Jenny visits a hospital for a check-up. He/she has known the hospital for a while and trusts the staff for a long time. During her check-up, he/she is declared to have a serious issue and later, an operation is performed. It goes well, the doctors tell her there is no complication and he/she will be fine forever. Then the unexpected happens: a week after the operation, Jenny is going blind. By the third day, Jenny is completely blind. Although no one can tell if the doctors are in any way careless, what other explanation does Jenny have? Jenny appeals the Res Ipsa Loquitur, claiming that the hospital is at fault. Now the doctors have to show up and give a reasonable and valid proof that jenny blindness is not their fault or that Jenny is partially at fault, else they will be called negligent.

Res Ipsa Loquitur doesn’t use direct evidence. This is fast and straight than the usual proof of negligence. The injured person or plaintiff will have to show the court that

•    The injured person is injured in a situation that is not normally without negligence

•    The responsible party is in total control of the location of the accident or in control of what caused the accident (legalese instrumentality)

•     The injured person’s act of negligence does not in any way contribute to the accident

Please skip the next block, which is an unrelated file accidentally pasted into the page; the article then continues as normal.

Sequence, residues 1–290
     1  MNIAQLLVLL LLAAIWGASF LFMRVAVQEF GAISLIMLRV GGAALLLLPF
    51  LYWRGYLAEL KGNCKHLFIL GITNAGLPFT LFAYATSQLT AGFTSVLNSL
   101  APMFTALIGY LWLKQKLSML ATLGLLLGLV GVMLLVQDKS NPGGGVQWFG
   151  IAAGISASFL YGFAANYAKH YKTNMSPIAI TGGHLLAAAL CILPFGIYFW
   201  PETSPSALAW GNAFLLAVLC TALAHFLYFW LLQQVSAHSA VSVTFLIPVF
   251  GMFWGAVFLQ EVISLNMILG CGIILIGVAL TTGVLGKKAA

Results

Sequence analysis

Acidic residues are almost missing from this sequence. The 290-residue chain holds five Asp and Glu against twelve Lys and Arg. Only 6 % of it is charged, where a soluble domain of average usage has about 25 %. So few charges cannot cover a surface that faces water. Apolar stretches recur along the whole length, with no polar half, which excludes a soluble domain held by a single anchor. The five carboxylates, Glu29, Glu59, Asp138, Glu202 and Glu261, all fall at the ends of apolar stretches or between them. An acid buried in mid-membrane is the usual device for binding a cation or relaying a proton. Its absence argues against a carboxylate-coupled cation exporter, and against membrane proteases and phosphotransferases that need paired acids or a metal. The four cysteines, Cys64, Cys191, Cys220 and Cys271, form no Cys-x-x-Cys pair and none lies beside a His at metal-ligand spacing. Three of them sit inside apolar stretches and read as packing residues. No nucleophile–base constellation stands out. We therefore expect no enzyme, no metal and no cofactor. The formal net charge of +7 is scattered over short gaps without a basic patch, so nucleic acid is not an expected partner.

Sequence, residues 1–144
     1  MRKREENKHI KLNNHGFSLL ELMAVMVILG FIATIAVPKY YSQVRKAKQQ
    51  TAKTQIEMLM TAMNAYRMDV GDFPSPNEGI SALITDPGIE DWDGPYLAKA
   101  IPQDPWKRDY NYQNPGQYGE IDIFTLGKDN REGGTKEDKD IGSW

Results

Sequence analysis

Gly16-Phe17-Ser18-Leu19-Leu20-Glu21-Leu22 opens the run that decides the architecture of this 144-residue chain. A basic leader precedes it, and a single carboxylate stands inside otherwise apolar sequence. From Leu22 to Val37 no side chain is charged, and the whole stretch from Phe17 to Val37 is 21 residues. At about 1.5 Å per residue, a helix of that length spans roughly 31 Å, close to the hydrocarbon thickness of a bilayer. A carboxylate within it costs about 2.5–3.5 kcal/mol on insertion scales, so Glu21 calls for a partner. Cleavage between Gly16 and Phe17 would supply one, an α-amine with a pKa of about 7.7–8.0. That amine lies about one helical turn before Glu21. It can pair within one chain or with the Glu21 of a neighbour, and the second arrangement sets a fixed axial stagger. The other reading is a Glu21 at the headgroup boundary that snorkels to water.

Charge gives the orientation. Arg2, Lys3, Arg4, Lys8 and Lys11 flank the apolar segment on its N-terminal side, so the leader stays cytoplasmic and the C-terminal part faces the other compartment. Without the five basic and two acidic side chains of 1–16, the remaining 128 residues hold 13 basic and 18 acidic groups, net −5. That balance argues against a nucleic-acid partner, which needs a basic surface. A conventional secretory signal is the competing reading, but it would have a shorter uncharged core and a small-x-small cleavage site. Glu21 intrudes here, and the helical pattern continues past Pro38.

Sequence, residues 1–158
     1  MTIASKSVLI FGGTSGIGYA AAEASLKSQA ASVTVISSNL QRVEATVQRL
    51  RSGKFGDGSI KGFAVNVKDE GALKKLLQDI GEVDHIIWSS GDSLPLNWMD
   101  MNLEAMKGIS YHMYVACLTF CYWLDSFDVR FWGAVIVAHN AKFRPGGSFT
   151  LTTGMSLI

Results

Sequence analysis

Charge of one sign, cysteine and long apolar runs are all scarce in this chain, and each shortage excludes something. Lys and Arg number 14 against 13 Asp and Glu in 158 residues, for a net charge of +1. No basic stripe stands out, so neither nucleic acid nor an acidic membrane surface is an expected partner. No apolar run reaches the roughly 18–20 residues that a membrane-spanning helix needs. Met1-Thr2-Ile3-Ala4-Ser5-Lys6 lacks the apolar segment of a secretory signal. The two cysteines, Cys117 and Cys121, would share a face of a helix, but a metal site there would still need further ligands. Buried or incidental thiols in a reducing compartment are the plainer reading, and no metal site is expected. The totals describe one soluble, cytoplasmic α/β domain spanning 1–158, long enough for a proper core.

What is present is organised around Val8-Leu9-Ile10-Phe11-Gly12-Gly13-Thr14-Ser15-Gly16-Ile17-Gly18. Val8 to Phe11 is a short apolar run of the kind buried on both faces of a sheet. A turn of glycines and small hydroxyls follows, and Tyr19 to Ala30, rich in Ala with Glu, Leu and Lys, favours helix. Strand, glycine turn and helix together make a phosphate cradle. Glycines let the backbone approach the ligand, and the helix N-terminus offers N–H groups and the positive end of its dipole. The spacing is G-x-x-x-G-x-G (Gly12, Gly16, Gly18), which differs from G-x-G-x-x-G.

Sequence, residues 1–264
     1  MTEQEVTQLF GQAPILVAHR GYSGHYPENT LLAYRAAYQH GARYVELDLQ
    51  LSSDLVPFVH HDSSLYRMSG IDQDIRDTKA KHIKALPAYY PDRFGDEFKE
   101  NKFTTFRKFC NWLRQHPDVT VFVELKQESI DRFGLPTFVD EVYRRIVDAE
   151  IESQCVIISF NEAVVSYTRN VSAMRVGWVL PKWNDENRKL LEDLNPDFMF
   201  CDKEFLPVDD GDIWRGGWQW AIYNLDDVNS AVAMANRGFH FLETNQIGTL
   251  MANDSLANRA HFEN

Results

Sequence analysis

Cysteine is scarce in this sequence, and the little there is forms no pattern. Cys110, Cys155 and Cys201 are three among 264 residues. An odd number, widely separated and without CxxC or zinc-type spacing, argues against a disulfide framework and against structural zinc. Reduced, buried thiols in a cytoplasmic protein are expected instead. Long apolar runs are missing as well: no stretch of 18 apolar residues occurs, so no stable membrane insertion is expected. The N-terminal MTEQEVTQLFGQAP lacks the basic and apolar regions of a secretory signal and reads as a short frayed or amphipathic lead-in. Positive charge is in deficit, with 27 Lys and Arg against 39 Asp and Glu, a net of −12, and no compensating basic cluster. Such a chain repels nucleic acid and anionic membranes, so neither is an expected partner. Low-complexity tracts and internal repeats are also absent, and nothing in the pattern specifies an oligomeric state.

•    The injured person’s case must contain a lot of evidence that exhibits (or allow the interference) the 3 elements of Res Ipsa Loquitur, the law court will shift the liability on the defendant in terms of the damages. the defendant has a chance to express the details of the accident 

•     To avoid being held liable, the defendant(s) has to show the court that their story of the event is more accurate than that of the injured person, and that the things used in the accident (instrumentality) is not theirs, and that the plaintiff is somehow at fault

A car accident and Res Ipsa Loquitur

In most cases of car accidents, the rule of Res Ipsa Loquitur does not apply. This is because there is more than one party who could be responsible for a car accident, and when it is only one party, this cannot be determined very easily from the evidence.

Despite these limitations, Res Ipsa Loquitur has been used in situations such as the ones below

•    When an object is not attached well to the rear of a car

•    When a parked car moves and caused damage without anyone’s action or intervention

•    When a person stops her car in the center of the road  and causes traffic

Observing the three situations above, you will notice that each of the situations doesn’t happen very often. And usually, some of the situations are settled before they could reach the court of law, even before Res Ipsa Loquitur can be used. The defendant might consider it wise, save himself the stress of going to a court, and settle out of court.

In case, you still have questions about Res Ipsa Loquitur, you should meet an Orange County personal injury attorney. He/She can examine your case closely and give you clear and helpful legal assistance.